The Northern Way

Popular Tales From the Norse

p. 357

Katie Woodencloak

Once on a time, there was a King who had become a widower. By his Queen he had one daughter, who was so clever and lovely, there wasn't a cleverer or lovelier Princess in all the world. So the King went on a long time sorrowing for the Queen, whom he had loved so much, but at last he got weary of living alone, and married another Queen, who was a widow, and had, too, an only daughter; but this daughter was just as bad and ugly as the other was kind, and clever, and lovely. The stepmother and her daughter were jealous of the Princess, because she was so lovely; but so long as the King was at home they daren't do her any harm, he was so fond of her.

Well, after a time he fell into war with another King, and went out to battle with his host, and then the step-mother thought she might do as she pleased; and so she both starved and beat the Princess, and was after her in every hole and corner of the house. At last she thought everything too good for her, and turned her out to herd cattle. So there she went about with the cattle, and herded them in the woods and on the fells. As for food, she got little or none, and she grew thin and wan, and was always sobbing and sorrowful. Now in the herd there was a great dun bull, which always kept himself so neat and sleek, and often and often he came up to the Princess, and let her pat him. So one day when she sat there, sad, and sobbing, and sorrowful, he came up to her and asked

p. 358

her outright why she was always in such grief. She answered nothing, but went on weeping.

"Ah!" said the Bull, "I know all about it quite well, though you won't tell me; you weep because the Queen is bad to you, and because she is ready to starve you to death. But food you've no need to fret about, for in my left ear lies a cloth, and when you take and spread it out, you may have as many dishes as you please."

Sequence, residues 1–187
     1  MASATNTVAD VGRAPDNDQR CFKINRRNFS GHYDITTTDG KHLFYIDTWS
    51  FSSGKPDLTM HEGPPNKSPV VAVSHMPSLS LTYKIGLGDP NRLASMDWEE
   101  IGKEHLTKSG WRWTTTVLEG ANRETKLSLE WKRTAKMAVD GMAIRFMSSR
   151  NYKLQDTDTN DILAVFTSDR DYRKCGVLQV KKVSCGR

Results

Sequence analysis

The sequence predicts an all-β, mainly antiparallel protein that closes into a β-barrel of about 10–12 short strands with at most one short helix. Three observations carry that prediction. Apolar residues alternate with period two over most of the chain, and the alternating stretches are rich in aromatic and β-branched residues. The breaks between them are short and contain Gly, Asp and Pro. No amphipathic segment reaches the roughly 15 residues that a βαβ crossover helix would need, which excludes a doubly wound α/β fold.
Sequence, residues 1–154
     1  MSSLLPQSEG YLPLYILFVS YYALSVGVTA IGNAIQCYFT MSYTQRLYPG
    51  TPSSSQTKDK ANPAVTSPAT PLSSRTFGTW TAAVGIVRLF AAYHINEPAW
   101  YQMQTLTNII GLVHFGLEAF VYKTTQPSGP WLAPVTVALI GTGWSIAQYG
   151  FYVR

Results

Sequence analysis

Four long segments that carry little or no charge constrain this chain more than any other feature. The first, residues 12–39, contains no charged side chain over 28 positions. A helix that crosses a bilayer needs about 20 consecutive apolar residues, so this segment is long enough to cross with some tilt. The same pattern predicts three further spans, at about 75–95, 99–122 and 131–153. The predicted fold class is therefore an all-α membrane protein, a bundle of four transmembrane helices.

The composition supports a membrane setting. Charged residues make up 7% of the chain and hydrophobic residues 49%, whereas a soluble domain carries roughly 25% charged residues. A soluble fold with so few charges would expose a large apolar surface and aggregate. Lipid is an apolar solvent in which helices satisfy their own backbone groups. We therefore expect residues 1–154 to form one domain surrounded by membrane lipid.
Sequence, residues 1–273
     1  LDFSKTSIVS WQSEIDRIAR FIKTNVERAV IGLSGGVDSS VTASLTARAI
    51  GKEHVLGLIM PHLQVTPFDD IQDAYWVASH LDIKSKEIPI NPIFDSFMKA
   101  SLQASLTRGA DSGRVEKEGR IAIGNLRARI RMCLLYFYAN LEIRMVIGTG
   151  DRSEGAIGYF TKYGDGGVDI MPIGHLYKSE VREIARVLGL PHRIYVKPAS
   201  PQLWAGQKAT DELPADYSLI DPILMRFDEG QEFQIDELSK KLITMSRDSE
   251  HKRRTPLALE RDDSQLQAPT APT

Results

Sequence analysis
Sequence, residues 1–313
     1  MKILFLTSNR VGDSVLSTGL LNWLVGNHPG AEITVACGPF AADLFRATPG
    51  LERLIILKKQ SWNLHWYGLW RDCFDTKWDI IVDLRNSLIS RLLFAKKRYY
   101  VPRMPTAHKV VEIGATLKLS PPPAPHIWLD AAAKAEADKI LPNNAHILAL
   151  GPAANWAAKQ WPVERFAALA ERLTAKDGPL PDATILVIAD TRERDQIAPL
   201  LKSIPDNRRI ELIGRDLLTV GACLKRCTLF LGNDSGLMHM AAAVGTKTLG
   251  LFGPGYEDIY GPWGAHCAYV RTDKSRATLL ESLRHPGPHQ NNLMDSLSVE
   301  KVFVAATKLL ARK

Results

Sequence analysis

So she did that, took the cloth and spread it out on the grass, and lo! it served up the nicest dishes one could wish to have; there was wine too, and mead, and sweet cake. Well, she soon got up her flesh again, and grew so plump, and rosy, and white, that the Queen and her scrawny chip of a daughter turned blue and yellow for spite. The Queen couldn't at all make out how her stepdaughter got to look so well on such bad fare, so she told one of her maids to go after her in the wood, and watch and see how it all was, for she thought some of the servants in the house must give her food. So the maid went after her, and watched in the wood, and then she saw how the stepdaughter took the cloth out of the Bull's ear, and spread it out, and how it served up the nicest dishes, which the stepdaughter ate and made good cheer over. All this the maid told the Queen when she went home.

And now the King came home from war, and had won the fight against the other king with whom he went out to battle. So there was great joy throughout the palace, and no one was gladder than the King's daughter. But the Queen shammed sick, and took to her bed, and paid the doctor a great fee to get him to say she could never be well again unless she had some of the dun bull's flesh to p. 359 eat. Both the King's daughter and the folk in the palace asked the doctor if nothing else would help her, and prayed hard for the Bull, for every one was fond of him, and they all said there wasn't that Bull's match in all the land. But no; he must and should be slaughtered, nothing else would do. When the King's daughter heard that, she got very sorrowful, and went down into the byre to the Bull. There, too, he stood and hung down his head, and looked so downcast that she began to weep over him.

"What are you weeping for?" asked the Bull.

So she told him how the King had come home again, and how the Queen had shammed sick and got the doctor to say she could never be well and sound again unless she got some of the Dun Bull's flesh to eat, and so now he was to be slaughtered.

"If they get me killed first," said the Bull, "they'll soon take your life too. Now, if you're of my mind, we'll just start off, and go away to-night."